Because of the times in Ireland were still desperately hard and famine again spread over the land. Jim Kane Barry and Jack Kane Barry, younger unmarried brothers of Phil's, determined to leave for America. What ever happened, Phil Barry left Ireland in 1874 before his brothers, leaving Hanora pregnant with their fifth child. He arrived in New York before his brothers. When the other two brothers arrived, the three Barry's took a ship from New York and went down the East Coast to Chartes Panama, where they crossed the Isthmus and found a ship on the west Coast of Panama which took them to San Francisco.
   The three brothers went to work Daughterly, from Daughterly's Station, in the center of the present city of Dublin California, across the Bay from San Francisco. Jim soon left and went into San Francisco where he found work.     In those days a man usually got a dollar a day, when he worked with sheep or cattle. Usually, at the end of the month the owner didn't have the ready cash to pay them, so he would give them five or six head of sheep as wages. Phil and Jack chose to take ewe's and the end of the year they had 70 or so head of sheep.
   In the spring, if they had a successful lambing, they would have 140 head. After the shearing in the spring, they would brand the sheep with there own brand but continue to run them along with Daughterly's herd. After a few years their band of sheep were so numerous that they had to quit Daughterly and head out into the open range seeking grazing and water for their band of sheep.
   Phil and Jack started out and trailed their sheep to the Oregon Country. Neither of them knew were they were going but hoped to find a place, not too crowded, where they could run the herd of sheep. An Indian whom they met the year before in the wilderness beyond Hang town in California had told them, he thought the area beyond Ft Bidwell in the Northeast section of California would be good country for sheep. with that tenuous bit of information, they took there sheep their into the Warner Valley, of Lake County Oregon. 
   Meanwhile, another brother arrived from Ireland. Mike Kane Barry, who was married, left his wife and baby in Newmarket and came to America and went to work for Daugherty. He too, took sheep instead of wages and soon had a herd of his own. two years after Phil came to Oregon, Mike drove an additional band of sheep up from Livermore, California, and joined Phil and Jack in the desert of Lake County.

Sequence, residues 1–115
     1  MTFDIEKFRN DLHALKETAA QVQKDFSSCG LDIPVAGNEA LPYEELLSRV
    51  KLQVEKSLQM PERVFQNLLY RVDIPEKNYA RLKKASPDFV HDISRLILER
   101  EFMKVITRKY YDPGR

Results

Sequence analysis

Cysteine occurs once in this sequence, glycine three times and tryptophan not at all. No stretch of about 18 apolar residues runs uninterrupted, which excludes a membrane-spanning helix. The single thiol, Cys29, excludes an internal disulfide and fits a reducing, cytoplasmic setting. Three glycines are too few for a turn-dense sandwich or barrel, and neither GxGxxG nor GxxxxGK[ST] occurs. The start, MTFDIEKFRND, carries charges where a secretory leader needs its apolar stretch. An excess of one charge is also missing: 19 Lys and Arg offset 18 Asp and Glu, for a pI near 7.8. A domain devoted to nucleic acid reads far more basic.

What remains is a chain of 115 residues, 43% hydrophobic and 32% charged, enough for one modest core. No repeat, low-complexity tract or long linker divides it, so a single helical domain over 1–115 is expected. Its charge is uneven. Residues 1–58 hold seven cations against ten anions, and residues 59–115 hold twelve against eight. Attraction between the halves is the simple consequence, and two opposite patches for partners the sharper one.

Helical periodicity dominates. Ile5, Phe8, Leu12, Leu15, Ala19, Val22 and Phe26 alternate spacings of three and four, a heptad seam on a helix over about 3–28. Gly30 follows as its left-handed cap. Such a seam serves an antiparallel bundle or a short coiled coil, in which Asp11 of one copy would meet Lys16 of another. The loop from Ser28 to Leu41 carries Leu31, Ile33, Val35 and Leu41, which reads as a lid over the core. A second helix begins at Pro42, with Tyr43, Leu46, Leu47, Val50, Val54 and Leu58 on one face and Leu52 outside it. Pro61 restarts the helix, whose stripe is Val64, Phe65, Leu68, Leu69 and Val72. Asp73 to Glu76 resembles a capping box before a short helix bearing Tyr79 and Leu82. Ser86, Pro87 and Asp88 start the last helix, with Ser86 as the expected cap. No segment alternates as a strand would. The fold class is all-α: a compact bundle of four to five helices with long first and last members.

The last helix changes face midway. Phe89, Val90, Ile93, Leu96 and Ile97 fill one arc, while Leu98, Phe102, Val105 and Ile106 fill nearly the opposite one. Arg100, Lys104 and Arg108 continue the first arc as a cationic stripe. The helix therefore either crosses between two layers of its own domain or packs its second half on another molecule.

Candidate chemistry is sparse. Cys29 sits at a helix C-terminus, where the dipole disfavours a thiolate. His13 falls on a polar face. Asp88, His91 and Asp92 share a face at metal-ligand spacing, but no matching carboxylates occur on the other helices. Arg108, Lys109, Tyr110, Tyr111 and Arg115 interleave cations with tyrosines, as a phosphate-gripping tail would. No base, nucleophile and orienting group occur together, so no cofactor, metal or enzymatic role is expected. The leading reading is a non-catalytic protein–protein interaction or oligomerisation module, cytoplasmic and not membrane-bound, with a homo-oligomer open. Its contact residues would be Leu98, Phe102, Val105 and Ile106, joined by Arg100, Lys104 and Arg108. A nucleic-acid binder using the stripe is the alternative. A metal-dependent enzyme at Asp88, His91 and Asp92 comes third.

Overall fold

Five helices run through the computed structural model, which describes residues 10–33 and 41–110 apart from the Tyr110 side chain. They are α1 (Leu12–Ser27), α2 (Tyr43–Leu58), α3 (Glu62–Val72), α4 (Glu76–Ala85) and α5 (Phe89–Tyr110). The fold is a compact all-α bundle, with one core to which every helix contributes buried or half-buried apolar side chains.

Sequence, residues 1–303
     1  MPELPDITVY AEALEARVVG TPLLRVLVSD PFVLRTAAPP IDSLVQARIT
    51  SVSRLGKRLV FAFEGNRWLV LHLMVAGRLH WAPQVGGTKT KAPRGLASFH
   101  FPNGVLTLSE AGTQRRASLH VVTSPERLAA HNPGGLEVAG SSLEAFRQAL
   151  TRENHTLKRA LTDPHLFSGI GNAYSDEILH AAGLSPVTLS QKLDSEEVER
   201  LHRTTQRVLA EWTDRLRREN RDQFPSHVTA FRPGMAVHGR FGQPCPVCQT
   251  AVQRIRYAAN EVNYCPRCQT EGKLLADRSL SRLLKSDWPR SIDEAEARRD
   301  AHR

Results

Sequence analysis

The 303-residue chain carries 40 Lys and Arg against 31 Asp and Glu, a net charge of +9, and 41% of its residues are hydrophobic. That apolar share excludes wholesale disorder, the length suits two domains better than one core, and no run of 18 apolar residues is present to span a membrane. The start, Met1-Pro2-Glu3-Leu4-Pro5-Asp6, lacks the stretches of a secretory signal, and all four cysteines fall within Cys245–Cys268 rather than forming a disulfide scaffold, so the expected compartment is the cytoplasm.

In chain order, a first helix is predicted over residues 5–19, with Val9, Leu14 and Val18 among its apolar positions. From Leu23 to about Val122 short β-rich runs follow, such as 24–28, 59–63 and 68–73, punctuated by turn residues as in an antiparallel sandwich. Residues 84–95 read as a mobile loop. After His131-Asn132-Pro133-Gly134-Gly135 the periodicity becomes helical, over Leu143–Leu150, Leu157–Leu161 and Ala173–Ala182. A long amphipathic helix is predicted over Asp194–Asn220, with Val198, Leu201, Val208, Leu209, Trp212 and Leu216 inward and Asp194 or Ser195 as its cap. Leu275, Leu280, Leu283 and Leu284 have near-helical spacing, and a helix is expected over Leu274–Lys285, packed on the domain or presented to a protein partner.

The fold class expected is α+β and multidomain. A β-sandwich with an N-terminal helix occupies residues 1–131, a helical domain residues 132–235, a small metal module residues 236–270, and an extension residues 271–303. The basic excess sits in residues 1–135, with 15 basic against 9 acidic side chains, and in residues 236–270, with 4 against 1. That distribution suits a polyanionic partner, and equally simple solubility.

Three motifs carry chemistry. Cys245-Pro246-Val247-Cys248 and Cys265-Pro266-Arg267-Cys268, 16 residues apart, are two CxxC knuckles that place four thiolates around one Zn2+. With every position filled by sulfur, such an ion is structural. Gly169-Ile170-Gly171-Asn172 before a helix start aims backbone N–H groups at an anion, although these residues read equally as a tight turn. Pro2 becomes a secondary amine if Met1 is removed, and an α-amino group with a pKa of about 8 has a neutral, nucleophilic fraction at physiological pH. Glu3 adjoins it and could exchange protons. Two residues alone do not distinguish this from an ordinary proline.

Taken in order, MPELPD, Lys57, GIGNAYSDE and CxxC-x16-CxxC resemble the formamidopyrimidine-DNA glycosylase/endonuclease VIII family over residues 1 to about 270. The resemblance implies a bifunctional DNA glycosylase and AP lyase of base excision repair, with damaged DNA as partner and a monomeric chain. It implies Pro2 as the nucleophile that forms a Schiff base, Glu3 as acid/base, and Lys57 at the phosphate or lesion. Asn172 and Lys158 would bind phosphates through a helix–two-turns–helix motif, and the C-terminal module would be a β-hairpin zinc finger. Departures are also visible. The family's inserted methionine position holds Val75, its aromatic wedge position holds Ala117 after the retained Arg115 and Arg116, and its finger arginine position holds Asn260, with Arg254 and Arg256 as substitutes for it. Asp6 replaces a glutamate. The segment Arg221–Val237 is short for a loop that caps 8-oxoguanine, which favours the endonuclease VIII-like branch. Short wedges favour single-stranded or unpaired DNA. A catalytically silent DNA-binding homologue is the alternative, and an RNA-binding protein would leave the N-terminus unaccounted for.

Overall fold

The brothers helped each other and cooperated with each other in finding adequate grazing and water in the sagebrush desert. They trailed their sheep all over central and eastern Oregon, up a short distant into Idaho, and well into the Nevada desert. Soon they were more familiar with the range, than many of the Cattlemen who still hoped to drive them out.
   In the fall, when the brothers sold their wether lambs, and in the spring when they sold their wool they would send money home to their families in Ireland. In those days a laborer, in Ireland,working for an English landlord was paid twelve dollars a year. A very skilled worker might be able to earn 20 dollars a year, so the money sent home seemed like a fortune to the families, relatives and neighbors who knew about it.
   Soon a flood of young Irishmen were leaving their homes in Ireland, bound for lake County, to make their fortunes in the sheep business.     William Kane Barry known as Old Bill followed his older brothers to Oregon within a few years, and left a wife and three young children behind in Newmarket. He established a ranch in Plush near his brothers and soon prospered in the sheep business.
   By this time the brothers were utilizing the wild mustangs that were numerous in those days and ran free in the desert. The brothers tamed the horses and used them on their ranches. In later years they broke the horses and sold them for saddle horses or for work horses. 
   Huge bands of sheep roamed the desert and mountains, which was all open domain, and the cattlemen were now eagerly purchasing herds of sheep and running them, with the help of Irish Sheepherders on the government lands that stretched for miles through Lake and Harney County.
   The Profit from sheep was fairly rapid. It took only six months to bring a lamb to market, where it took two years for beef to mature. There were two cash crops from sheep, wool in the spring and lamb in the fall. So many of the cattlemen who had fought the arrival of sheep a generation before now bought herds of their own and for the most part, hired Irish Immigrants to herd them.